Doctors’ offices will soon be flooded by 78 million baby boomers as they become eligible for retirement. To handle this sudden influx, physicians will have little time for the day-to-day business operations of their practices and must focus primarily on patient care. As a result, medical billing companies are seeing increased demand for their services.
More and more doctors are outsourcing services such as medical billing and coding to subcontractors, and these companies are reaping the benefits. However, due to the slow pace at which insurance companies approve patient claims, it takes a while for doctors to be paid, and in turn it takes even longer for them to pay their vendors, especially medical billing companies. According to the American Medical Billing Association, it takes an average of 90 days for paper claims to be reimbursed. Granted the advent of an electronic claims system has lowered reimbursement times, it is still problematic for medical billing companies to wait to be paid.
For example, an insured patient goes in to see a doctor. The cost of the visit is $100. Because the patient is covered for this visit, the doctor must make a claim to the insurance company and wait an indefinite amount of time for the claim to be approved. If the claim is not approved, the doctor must send more details of the visit. This increased lag creates a problem for doctors who would rather spend their time with patients than following up on claims. Therefore, doctors turn to experts and subcontract medical billing companies to handle these issues.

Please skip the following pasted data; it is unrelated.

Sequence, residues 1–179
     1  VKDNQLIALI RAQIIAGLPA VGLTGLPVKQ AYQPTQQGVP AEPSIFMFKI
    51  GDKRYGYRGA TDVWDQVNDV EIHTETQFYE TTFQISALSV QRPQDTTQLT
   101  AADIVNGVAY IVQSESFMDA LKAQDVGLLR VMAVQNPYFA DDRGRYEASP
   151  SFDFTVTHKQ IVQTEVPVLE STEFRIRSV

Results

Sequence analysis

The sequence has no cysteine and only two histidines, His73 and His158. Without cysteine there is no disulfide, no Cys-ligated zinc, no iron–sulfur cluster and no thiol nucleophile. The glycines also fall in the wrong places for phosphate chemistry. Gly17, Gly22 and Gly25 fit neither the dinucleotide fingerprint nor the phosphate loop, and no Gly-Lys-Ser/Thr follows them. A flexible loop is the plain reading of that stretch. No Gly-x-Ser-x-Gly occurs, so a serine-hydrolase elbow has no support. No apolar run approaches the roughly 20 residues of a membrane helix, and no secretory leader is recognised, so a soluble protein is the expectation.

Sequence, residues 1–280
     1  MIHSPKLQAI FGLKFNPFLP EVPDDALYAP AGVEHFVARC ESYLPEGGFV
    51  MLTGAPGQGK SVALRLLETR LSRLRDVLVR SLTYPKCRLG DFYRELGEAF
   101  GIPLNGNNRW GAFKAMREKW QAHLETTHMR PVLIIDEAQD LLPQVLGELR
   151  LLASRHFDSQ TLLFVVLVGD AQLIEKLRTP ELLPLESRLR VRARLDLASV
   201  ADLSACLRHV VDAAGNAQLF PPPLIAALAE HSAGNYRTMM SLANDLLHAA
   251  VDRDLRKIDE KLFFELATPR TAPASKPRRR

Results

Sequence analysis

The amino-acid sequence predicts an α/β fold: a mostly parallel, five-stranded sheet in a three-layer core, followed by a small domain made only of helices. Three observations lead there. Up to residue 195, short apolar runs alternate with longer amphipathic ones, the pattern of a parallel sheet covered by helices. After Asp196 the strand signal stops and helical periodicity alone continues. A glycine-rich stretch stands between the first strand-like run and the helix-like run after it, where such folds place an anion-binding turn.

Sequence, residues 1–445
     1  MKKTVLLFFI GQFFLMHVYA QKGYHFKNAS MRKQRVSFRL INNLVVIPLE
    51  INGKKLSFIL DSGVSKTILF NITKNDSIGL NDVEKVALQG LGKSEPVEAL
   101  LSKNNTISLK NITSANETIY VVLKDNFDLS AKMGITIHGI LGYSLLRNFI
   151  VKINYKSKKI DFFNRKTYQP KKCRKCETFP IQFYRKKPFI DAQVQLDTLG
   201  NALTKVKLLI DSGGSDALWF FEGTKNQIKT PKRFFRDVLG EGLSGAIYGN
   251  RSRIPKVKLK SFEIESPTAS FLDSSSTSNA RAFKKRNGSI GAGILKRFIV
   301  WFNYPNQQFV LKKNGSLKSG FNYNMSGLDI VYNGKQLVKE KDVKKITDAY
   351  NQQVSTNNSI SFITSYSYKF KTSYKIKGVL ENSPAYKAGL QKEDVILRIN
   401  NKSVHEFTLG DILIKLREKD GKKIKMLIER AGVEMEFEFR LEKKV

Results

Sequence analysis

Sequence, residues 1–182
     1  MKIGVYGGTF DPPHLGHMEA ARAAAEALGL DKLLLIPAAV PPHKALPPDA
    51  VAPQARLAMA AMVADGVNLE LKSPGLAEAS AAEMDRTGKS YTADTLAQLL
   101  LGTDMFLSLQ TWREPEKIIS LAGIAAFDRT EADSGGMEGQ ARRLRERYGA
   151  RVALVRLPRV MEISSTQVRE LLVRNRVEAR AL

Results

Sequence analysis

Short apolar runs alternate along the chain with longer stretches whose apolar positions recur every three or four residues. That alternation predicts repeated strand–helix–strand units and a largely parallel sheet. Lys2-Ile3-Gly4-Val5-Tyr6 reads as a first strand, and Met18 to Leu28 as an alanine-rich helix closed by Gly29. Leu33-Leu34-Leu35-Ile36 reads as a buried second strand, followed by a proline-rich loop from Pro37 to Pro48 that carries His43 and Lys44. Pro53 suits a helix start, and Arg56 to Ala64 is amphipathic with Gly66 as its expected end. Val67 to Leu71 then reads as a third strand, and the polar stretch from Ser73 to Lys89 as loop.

Whether they are start-ups trying to gain a market share of this ever-increasing business, or a veteran company trying to beat the slow-payments system of insurance companies and doctors, a viable and flexible option exists for companies called medical billing factoring.
Medical billing factoring is converting the accounts receivable of a business into cash by selling outstanding invoices to a ‘factor’ for a discount. Accounts receivable factoring gives the medical billing business immediate access to cash so that it can manage its operations more efficiently.
Instead of waiting months to be paid by doctors’ offices, medical billing companies can use factoring services to get cash now to pay for their employees and ongoing business expenses. They can also use the money to expand their businesses, such as hiring and training new employees or purchasing new equipment, in a time when the healthcare industry demands these companies more than ever.